Scientists have transferred the rat growth-hormone gene into mice to make giant "super-mice," a feat that someday might lead to production of "super-animals" of many kinds, biologists announced yesterday.
The mice -- nearly twice the size and weight of their normal brothers and sisters -- "point the way to a new era in genetic engineering," according to an announcement from the Salk Institute for Biological Studies, which produced the specimens in cooperation with scientists at the University of Pennsylvania, University of Washington and University of California at San Diego.
The first of the new mice were born in Philadelphia last May at the University of Pennsylvania School of Veterinary Medicine.
Super-animals, like super-cows or super-pigs, might produce more meat and milk to feed the world's growing population, the scientists speculated in a paper being published today in the important scientific journal Nature.
Animals with transplanted genes might also be used as biological "factories," they said, to make hormones or other natural products useful to humans.
Even more important, the scientists said, is the basic demonstration that a gene carrying a useful trait can be united with another mammal's gene, with the union producing the new trait. This could lead to future experimentation in combining genes of many kinds, including human genes.
Such gene transfer, said the scientists, could also become a powerful way to study the method by which all genes are regulated and "expressed," or turned on. Understanding this is one of modern biology's main goals.
Genes have been transferred in the past from one animal to another. But in none of the previous experiments, these scientists said, was there any indication that a gene transferred from one species to another worked in a "meaningful" way.
A gene, human or animal, is a long double chain of chemical molecules that together make a strand of DNA, or deoxyribonucleic acid.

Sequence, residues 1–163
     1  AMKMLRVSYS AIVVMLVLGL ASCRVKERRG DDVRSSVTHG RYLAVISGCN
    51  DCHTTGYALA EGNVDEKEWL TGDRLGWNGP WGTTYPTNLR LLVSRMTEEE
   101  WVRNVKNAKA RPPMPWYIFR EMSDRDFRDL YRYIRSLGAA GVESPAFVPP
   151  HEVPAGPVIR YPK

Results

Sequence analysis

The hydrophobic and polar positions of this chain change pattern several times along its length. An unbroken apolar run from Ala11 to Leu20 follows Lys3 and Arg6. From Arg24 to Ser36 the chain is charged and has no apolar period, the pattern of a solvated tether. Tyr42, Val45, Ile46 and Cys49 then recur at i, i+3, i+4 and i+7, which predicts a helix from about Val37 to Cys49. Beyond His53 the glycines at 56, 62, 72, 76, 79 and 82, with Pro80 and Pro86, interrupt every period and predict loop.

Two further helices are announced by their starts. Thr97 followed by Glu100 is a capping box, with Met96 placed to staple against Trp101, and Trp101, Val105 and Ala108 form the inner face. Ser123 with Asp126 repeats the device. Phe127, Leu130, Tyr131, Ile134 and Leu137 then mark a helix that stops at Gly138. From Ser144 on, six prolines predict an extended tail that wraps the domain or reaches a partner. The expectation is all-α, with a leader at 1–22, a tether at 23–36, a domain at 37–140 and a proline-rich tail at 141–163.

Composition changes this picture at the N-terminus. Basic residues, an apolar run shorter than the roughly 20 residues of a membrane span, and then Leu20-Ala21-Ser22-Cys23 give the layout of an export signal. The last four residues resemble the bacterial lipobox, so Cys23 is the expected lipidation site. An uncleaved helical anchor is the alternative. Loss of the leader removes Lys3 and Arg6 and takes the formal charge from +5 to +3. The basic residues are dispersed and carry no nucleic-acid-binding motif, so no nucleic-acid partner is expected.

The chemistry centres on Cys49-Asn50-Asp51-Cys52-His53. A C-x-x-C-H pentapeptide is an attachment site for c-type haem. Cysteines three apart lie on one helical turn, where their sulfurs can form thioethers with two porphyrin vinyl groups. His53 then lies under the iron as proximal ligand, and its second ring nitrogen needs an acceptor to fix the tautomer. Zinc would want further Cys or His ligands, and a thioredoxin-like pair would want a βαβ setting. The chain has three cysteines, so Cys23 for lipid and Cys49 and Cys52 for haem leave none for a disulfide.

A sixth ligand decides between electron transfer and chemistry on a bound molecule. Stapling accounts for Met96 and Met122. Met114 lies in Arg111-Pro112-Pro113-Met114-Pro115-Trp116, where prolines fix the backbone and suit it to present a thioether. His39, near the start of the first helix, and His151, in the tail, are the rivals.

The collaborating biologists -- Richard Palmiter, Ralph Brinster, Robert Hammer, Myrna Trumbauer, Michael Rosenfeld, Neal Birnberg and Ronald Evans -- first cloned or grew the rat growth-hormone gene in the laboratory, then deleted one segment by chemical methods.
They then substituted a crucial section of mouse-gene DNA for this segment, a section that acts as a "promoter," or go-signal, for genes.
These modified rat genes were injected into 170 fertilized mouse eggs that were then implanted into seven foster-mother mice. One mother failed to give birth, but seven of 21 mice born last May to the other six mothers carried the new rat-mouse gene. Six of these grew significantly larger--up to 1.8 times larger -- than littermates that did not carry the new gene.
Two of the large male mice were mated and fathered litters of large mice, proving that the new combined growth-hormone gene can be passed on. One of these mice fathered 19 offspring, 10 of which are also super-mice. The other male produced fewer large offspring.
What science is doing, said Brinster, is opening a new field, and "I think our efficiency will get greater as time passes."
Scientists said it is highly unlikely that anything like the same kind of growth-hormone transfer would ever be repeated in humans. A human growth-hormone gene might be placed in some future super-animal, however, to produce a plentiful supply of human growth hormone to treat stunted children.